On October 30, Local Foods Connection Founder and Executive Director Laura Dowd was invited to deliver the keynote address at the University of Iowa’s 11th annual International Day Human Rights Conference “The Human Right to Food.”
The University of Iowa gathered more than 300 students from middle and high schools throughout Iowa at the Coralville Marriott Hotel and Conference Center with the expressed intent to get young Iowans thinking about food security and poverty. As Buffy Quintero, International Programs outreach coordinator, expressed, “We want to encourage students to think about how decisions made at the local level have global impacts.” As event organizers explain, International Day is meant to help these students become better global citizens and to develop a greater understanding of – and respect for – democracy, equality, cultural differences and human rights.
Laura delivered her keynote, entitled “The Human Right to Food,” to an audience of eager and excited Iowa students. Focusing on the the work of Local Foods Connection, Laura connected both hunger and poverty throughout the world with hunger and poverty here in Iowa and the UN Declaration of Human Rights with Local Foods Connection’s fight for food security in Iowa. As Laura explained to the audience, “Food security exists when all people have access to sufficient, safe and nutritious food.” And access to sufficient, safe and nutritious food is what LFC is all about.
Laura encouraged her audience to consider their skills, values, and interests in order to figure out how they, too, can help intervene on behalf of the human right to food. Building on the experiences and talents of LFC volunteers, Laura called upon her audience to “Listen; Keep an open mind; Do not judge on first impressions; Learn by doing research, reading, and interviewing; and Ask how you can help.” As the Universal Declaration of Human Rights explains, “Everyone has duties to the community in which alone the free and full development of his personality is possible.” In other words, working on behalf of the human right to food is good for your community and good for yourself. It is our duty to consider the health and safety of our fellow humankind, globally and locally.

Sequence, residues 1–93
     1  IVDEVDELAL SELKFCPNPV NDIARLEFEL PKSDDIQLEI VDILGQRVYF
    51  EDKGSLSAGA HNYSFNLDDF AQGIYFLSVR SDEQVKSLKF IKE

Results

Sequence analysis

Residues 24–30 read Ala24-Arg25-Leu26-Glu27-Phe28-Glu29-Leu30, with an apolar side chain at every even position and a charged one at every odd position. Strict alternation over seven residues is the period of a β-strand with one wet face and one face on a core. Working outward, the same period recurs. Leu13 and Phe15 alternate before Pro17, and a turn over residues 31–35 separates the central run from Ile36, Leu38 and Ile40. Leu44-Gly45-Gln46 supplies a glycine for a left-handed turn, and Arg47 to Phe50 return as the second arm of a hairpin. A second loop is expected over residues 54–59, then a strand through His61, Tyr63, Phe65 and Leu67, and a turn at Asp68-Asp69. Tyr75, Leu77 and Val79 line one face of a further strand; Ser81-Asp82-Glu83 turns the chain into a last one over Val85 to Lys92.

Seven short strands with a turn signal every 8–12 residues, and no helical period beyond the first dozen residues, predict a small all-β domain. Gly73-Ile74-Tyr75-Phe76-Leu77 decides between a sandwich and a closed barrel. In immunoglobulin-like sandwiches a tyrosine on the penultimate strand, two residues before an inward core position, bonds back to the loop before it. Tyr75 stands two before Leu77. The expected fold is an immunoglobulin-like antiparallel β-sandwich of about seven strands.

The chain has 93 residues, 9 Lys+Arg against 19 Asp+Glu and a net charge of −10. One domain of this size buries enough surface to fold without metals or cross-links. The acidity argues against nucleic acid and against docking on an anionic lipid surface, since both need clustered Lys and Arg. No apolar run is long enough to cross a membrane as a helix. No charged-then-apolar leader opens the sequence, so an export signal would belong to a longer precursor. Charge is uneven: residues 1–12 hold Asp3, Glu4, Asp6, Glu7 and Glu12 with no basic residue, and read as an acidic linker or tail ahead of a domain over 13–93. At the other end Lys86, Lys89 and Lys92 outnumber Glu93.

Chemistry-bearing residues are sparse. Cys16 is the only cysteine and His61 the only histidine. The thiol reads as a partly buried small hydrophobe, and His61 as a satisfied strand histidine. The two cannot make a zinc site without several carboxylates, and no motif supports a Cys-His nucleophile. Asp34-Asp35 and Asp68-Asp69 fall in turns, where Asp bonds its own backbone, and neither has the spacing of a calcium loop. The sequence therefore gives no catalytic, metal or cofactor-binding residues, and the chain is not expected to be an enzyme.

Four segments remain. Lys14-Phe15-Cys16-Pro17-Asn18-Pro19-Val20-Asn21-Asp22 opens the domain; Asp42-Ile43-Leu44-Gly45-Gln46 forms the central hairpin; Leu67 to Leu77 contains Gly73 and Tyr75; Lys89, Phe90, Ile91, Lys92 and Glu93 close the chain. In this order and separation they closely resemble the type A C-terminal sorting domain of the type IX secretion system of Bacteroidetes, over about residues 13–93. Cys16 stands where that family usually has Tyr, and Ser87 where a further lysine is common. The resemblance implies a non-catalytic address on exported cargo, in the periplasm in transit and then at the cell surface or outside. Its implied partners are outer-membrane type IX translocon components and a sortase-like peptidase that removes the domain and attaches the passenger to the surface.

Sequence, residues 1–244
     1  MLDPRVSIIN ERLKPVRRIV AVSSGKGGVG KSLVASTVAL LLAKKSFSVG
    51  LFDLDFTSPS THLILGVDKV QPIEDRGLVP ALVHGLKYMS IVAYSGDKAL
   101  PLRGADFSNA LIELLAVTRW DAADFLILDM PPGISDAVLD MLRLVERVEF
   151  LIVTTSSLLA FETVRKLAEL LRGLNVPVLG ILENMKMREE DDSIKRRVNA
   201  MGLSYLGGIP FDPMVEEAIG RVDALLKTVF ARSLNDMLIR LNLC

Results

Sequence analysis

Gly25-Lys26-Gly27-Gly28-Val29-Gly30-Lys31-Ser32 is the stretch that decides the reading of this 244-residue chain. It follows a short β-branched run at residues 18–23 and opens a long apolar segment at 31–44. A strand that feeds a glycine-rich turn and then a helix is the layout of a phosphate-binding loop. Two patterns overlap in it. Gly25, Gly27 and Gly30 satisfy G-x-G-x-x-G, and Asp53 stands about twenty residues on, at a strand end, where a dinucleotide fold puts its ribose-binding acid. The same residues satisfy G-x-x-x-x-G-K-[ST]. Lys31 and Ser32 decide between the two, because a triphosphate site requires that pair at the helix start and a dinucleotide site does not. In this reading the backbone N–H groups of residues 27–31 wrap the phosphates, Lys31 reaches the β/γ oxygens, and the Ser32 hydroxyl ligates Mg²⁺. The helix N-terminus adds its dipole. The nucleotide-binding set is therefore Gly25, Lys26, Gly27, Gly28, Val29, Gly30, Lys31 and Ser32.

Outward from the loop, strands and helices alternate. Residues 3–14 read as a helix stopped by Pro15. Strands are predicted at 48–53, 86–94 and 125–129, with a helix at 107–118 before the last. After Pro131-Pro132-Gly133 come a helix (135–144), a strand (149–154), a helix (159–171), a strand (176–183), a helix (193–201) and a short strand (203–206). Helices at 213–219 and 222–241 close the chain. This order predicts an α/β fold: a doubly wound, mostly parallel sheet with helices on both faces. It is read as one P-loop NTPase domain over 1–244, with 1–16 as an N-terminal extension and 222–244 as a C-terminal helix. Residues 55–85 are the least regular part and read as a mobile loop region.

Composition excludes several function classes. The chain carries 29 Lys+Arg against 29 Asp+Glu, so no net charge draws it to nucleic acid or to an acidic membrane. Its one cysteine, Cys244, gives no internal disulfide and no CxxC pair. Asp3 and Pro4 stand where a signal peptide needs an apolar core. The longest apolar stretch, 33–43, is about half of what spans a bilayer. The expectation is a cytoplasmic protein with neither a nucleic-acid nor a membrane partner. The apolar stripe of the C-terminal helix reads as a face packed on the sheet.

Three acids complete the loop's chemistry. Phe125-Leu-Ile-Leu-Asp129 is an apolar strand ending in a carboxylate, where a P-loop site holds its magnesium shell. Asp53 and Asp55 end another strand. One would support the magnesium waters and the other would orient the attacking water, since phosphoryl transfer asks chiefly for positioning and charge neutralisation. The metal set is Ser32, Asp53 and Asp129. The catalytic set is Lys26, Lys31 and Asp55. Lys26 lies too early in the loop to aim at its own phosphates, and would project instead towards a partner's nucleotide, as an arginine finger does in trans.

Among the highlights of her talk were an emphasis on Local Foods Connection’s values:
No one should go hungry in America.
Everyone should have access to good food.
Healthy food comes from healthy farms.
Everyone can help in the fight against hunger.
At the end of her talk, Laura reminded the students of Mahatma Gandhi’s rallying cry, “Be the change you want to see in the world.”
Hailey Dixon, a participating high school student and Local Foods Connection volunteer, described the event:
International Day is an annual event that teaches kids about a world issue; this year the subject was “The Human Right to Food.” Every student chose two “classes” to take and there were two group sessions with everybody.
My first class was about how large, powerful countries like the United States, Canada, etc. make it hard for developing countries to have food security. Our teacher told us that many developing countries buy unhealthy pesticides and manure from the developed countries and then everyone who eats that food in the developing country gets sick.
My second class was about the Peace Corps. I think the Peace Corps volunteers amaze me with all they do. I learned that there are many fields of the Peace Corps like agriculture, technology, health, environment, etc. The main focus was on the agricultural part of the Peace Corps. When a Peace Corps volunteer goes to the country they are assigned to they try to make more efficient, healthier way of farming for the people so they can be better nourished and healthier overall.
I think International Day is a great event and you really do learn alot.